Subdivision of land in Queensland is the process of dividing a single parcel of land into two or more smaller lots, each with its own title.
This can be done for a variety of reasons, such as creating new residential or commercial developments, or simply to sell off smaller portions of a larger property.
While the process of subdivision can be complex and time-consuming, it can also provide significant benefits to landowners and communities, such as increased land values, improved access to services and amenities, and greater housing choice and affordability.
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Types of Subdivision
In Queensland, there are several types of subdivisions, which are also known as Reconfigurations of a Lot (ROLs), each with their own specific requirements and regulations. Some of the most common types of subdivisions in Queensland include:
- Subdivision of land: This involves dividing a larger parcel of land into two or more smaller lots, each with its own title.
- Boundary realignment: This involves adjusting the boundaries of existing lots to create new boundaries and potentially increase the size of the lots.
- Amalgamation: This involves combining two or more adjacent lots into a single larger lot.
- Community title scheme: This involves creating a shared ownership structure for a group of properties, such as a townhouse complex or apartment building.
- Building format plan: This involves dividing a larger property into smaller lots, each with its own building or structure on it, such as a duplex or townhouse.
How to identify land that can be subdivided
The ability to subdivide land in Queensland depends on a number of factors, including the size and shape of the property, its location, and any existing zoning and land use regulations. Here are some ways to identify whether land can be subdivided:
- Check the property zoning: Each property in Queensland is assigned a specific zoning designation, which outlines the permitted land uses and development standards for the area.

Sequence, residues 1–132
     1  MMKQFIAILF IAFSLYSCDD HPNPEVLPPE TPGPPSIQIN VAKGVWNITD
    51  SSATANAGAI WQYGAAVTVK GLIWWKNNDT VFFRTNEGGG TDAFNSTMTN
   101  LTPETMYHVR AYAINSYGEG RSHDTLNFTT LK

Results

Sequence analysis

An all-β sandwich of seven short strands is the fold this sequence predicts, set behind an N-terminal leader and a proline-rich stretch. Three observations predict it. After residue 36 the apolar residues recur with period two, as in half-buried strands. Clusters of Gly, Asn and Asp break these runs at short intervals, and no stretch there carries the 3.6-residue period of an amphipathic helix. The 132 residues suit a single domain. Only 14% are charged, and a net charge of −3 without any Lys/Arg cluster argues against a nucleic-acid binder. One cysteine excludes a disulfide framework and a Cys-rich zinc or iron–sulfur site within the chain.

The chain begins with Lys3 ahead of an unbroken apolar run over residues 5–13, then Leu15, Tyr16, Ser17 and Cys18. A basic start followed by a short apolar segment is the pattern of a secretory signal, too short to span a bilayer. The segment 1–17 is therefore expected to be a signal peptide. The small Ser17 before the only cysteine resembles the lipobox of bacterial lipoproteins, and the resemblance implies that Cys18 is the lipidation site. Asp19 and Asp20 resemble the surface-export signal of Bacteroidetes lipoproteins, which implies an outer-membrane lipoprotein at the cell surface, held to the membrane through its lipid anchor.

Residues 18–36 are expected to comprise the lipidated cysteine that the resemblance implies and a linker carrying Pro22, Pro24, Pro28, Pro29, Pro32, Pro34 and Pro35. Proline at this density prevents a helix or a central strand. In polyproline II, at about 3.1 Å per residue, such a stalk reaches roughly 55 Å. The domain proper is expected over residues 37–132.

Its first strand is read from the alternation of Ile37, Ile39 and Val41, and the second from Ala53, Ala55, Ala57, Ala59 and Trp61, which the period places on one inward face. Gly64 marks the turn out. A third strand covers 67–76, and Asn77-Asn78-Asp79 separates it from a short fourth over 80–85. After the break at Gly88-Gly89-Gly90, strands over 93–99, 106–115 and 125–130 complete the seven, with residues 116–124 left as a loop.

- Review any overlays or constraints: In addition to zoning, there may be other planning constraints that apply to the property, such as environmental or heritage overlays.
- Determine minimum lot sizes: Local councils may have minimum lot size requirements for different zones, which can impact the ability to subdivide a property.
- Check infrastructure and service availability: Subdividing land typically requires the provision of infrastructure and services, such as water, sewerage, and electricity.
- Consult with JREY®: Consulting with a professional town planner can help identify whether a property is suitable for subdivision, and what the requirements and costs associated with the process may be.
How to determine minimum lot size: a step by step guide
Here’s a step-by-step guide on how to determine the minimum lot size for subdivision. We have used Brisbane as the example Council area below, however you can follow the same steps for other QLD Council areas:
Step 1: Check the property zoning: The first step is to check the zoning of the property in Brisbane. The Brisbane City Council has an online mapping tool called the City Plan interactive mapping, which allows you to search for the property’s zoning. You can access the tool through the council’s website.
Step 2: Review the planning scheme: Once you have identified the property’s zoning, you can review the Brisbane City Plan 2014, which outlines the development requirements and standards for each zone. The plan is available on the council’s website and provides information on minimum lot sizes, building height limits, setbacks, and other requirements.